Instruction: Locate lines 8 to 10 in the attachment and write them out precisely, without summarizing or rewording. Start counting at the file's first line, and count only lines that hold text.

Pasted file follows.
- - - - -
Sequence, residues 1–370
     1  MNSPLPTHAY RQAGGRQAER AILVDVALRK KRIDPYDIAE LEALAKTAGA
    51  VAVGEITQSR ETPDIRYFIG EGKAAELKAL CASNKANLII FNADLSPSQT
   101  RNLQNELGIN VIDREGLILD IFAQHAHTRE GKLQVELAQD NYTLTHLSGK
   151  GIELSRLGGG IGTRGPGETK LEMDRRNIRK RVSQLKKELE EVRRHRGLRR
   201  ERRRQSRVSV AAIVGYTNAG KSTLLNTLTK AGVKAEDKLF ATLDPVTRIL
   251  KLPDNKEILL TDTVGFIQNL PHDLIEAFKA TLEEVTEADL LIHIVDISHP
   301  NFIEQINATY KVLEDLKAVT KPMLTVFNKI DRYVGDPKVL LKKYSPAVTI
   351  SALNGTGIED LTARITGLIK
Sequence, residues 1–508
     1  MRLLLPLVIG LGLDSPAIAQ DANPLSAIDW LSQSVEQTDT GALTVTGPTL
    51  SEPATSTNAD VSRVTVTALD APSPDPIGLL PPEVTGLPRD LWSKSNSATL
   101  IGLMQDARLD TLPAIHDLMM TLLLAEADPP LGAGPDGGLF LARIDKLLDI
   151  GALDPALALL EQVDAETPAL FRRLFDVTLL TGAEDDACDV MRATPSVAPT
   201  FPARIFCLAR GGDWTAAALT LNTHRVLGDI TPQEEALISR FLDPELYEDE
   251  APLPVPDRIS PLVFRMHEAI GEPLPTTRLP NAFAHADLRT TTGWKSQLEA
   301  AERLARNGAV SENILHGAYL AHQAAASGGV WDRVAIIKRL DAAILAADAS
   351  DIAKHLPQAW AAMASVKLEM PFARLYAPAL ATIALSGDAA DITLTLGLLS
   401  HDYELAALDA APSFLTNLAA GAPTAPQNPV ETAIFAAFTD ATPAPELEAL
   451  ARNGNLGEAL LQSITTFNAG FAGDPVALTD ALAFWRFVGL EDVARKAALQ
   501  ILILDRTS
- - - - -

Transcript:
   301  NFIEQINATY KVLEDLKAVT KPMLTVFNKI DRYVGDPKVL LKKYSPAVTI
   351  SALNGTGIED LTARITGLIK
Sequence, residues 1–508